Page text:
For all Red Flag Tournaments all entry gates and merchandise kiosks are now cashless. All purchases can be made by Visa, Mastercard, American Express or Discover. Thank you.
1,368 MLB PLAYERS | 12,620 MLB DRAFT SELECTIONS
All American Game | Story | 8/4/2019

'More to come' for Harrison

Cory Van Dyke        
Photo: Kyle Harrison (Perfect Game)

Opposing batters oftentimes timidly enter the box when they see Kyle Harrison standing 60 feet and six inches away from them. The 6-foot-2, 200-pound southpaw is equipped with an arsenal that’ll make the most dominant of hitters quiver.

Harrison will flash a fastball up to 93 mph. He’ll mix in two breaking pitches with a slider and curveball, and he can finish batters off with a sinking changeup.

The Danville, California native is the No. 20 overall player in the 2020 class and the No. 3 lefthanded pitcher. All of those pitches will be on full display later this month at the 2019 Perfect Game All-American Classic.

“It means everything,” Harrison said. “I’ve been working hard to get to this point. I think there’s still more to come. I’m not finished yet. It’s definitely rewarding because you know that you achieved something great.”

Harrison’s father, Chris, remembers all the long weekends of travel ball and the car rides with his son from field to field. He thinks back to the days of little league baseball where opposing coaches would tell him that Kyle was special with his repetitive patterns and overall smoothness on the bump. It’s all led to this moment.

“It’s been a long process,” Chris said. “A lot of work has been involved and a lot of baseball through the years since he was 5. That’s every kids dream to play baseball and play it through high school and play it at high levels. It’s rewarding to see because he really loves it too. He’s passionate about it and he loves it and it’s fun to see him be successful at it.”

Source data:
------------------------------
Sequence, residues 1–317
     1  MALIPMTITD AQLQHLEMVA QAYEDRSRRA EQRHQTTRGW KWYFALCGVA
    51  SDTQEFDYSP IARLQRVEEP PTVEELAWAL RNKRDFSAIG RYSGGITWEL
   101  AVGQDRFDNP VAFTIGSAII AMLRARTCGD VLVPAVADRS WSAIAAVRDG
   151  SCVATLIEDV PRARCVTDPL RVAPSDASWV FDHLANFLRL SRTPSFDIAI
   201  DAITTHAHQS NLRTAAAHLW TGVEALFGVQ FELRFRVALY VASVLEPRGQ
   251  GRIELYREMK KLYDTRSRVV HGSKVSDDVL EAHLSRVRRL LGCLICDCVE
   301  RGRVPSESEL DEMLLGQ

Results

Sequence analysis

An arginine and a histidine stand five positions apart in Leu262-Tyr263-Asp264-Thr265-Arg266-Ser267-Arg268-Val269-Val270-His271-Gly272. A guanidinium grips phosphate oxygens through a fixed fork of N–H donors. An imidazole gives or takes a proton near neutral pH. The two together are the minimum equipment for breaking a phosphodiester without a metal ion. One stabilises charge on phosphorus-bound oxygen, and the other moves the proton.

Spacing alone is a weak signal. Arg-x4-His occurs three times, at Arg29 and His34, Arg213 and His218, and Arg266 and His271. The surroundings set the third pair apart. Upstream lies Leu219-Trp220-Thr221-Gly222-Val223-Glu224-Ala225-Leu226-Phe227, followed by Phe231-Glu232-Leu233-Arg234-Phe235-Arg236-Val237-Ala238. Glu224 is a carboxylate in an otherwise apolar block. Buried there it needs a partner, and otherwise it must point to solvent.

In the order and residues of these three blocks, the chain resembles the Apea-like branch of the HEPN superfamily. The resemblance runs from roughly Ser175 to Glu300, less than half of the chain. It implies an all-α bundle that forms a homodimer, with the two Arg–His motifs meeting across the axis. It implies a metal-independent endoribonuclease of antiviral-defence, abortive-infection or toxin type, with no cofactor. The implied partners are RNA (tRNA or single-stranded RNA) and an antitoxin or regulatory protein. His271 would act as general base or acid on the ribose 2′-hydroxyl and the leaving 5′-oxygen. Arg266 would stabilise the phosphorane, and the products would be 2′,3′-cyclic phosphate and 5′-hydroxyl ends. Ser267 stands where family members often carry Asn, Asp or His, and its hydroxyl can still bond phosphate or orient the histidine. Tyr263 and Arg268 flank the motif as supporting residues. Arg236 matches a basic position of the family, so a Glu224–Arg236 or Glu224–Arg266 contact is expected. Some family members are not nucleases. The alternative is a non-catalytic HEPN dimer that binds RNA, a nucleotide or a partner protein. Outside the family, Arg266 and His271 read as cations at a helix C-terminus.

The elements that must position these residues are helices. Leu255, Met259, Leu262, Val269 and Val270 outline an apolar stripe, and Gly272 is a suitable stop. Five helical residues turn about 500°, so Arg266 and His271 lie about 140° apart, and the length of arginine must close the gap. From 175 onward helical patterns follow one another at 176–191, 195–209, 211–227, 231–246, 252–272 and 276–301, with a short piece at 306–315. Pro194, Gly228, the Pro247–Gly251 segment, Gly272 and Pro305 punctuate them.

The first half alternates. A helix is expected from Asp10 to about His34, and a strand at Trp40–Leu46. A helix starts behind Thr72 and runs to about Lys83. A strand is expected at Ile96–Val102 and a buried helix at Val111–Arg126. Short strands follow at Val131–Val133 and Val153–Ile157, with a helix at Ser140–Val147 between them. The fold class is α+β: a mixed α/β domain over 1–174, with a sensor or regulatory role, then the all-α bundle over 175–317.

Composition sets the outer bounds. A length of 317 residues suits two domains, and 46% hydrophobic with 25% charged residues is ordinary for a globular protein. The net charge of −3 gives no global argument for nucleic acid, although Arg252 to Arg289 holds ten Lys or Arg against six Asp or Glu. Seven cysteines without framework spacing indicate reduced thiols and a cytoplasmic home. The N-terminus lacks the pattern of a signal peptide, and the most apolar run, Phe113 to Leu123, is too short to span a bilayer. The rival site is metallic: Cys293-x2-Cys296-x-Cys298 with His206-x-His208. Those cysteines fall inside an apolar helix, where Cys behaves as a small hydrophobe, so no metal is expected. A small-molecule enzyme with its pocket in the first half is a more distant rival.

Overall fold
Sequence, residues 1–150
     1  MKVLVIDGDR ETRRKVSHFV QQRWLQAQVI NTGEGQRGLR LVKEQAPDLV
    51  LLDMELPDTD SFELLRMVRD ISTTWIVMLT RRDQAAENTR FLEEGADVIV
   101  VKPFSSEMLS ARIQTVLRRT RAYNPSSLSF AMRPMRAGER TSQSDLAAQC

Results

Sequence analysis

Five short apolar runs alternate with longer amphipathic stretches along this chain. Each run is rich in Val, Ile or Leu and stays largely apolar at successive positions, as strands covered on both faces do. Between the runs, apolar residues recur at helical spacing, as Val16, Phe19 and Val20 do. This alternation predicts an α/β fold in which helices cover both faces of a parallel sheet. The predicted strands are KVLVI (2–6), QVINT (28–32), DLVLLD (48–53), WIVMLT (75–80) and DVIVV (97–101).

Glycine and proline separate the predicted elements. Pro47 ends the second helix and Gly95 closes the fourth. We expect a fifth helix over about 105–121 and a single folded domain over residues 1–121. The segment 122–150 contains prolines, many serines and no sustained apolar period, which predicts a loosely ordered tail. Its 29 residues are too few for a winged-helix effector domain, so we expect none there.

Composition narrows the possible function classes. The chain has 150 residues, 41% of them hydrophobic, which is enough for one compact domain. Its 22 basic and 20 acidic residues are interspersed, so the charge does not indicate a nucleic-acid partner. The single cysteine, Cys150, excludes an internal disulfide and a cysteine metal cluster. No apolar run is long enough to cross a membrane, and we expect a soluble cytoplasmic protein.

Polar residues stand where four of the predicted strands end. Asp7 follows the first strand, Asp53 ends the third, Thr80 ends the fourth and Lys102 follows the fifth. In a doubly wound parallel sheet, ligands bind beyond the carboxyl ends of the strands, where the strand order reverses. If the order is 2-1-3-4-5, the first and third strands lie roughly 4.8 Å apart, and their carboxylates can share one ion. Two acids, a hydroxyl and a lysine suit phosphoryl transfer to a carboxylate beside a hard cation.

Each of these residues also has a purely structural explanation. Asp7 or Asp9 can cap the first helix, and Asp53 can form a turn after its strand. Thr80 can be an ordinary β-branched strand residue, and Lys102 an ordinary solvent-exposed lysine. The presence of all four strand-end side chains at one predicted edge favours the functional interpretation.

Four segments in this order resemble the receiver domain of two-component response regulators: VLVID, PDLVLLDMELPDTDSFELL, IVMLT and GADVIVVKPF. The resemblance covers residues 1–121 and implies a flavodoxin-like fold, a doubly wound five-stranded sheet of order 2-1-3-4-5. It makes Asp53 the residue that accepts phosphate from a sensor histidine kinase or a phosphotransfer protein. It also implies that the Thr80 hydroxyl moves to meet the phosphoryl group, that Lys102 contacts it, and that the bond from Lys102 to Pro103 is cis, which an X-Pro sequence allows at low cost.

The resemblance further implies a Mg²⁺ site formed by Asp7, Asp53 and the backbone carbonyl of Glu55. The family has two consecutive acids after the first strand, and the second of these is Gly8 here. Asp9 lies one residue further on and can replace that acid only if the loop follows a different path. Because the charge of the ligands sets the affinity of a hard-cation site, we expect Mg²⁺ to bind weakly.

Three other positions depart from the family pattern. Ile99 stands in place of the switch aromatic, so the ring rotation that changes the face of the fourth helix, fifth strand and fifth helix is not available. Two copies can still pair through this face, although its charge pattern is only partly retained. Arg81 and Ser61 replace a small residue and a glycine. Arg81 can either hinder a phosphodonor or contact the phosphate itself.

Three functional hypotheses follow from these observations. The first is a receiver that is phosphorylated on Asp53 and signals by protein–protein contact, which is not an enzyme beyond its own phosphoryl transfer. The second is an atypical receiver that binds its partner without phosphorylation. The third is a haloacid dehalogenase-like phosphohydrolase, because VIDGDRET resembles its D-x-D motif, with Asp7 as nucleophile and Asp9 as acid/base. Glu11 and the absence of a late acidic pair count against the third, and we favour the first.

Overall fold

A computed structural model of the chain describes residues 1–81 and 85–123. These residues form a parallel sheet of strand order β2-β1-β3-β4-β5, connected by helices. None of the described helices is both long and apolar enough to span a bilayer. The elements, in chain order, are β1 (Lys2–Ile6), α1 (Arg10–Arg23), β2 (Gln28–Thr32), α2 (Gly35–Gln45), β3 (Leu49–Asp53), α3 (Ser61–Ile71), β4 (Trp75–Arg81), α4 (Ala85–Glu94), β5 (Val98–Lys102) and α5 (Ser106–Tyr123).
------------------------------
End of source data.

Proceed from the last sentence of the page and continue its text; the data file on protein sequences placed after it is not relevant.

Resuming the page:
It’s not just the pitch selection that Harrison has to choose from that makes him so filthy. The southpaw operates from a lower arm slot that’s awfully deceiving for those at the plate. 

There’s also a competitive edge about him. He’s not afraid to go after hitters. All of this explains why he models his game after the Red Sox Chris Sale, noting that now he’s “trying to get a wipeout slider like [Sale’s].” In Harrison’s first Perfect Game event earlier this summer at the National Showcase in Arizona, he was able to throw an electric outing that really got the folks in attendance buzzing.

“It was awesome,” Harrison said. “I couldn’t believe it when I got to go out there and pitch at the Diamondbacks stadium. It was pretty sweet. It was surreal being in the moment. 

“I’m not really a guy who’s afraid of competing. I love to compete. I love to go against the best guys and test my stuff to see where I’m at.”

Harrison’s all-around game on the mound stands out from his peers. His father has noticed a certain intangible that allows the All-American to operate at peak proficiency.

“He’s just a pretty relaxed dude,” Chris said. “Bases loaded or anything crazy going on, he never got frazzled. Nothing fazes him. He’s had that same type of thought process and composure throughout his whole career… That’s something about him that makes him pretty special too.”

What’s wild about Harrison’s development is that this could all be for naught if not for an early discovery. Harrison naturally swung a bat righty, so when he was gifted his first glove, Chris had purchased a righthanded thrower glove. 

“He bought me a righthanded glove and was like, ‘This kid throws funky. He’s not looking too good,’” Harrison said with a laugh.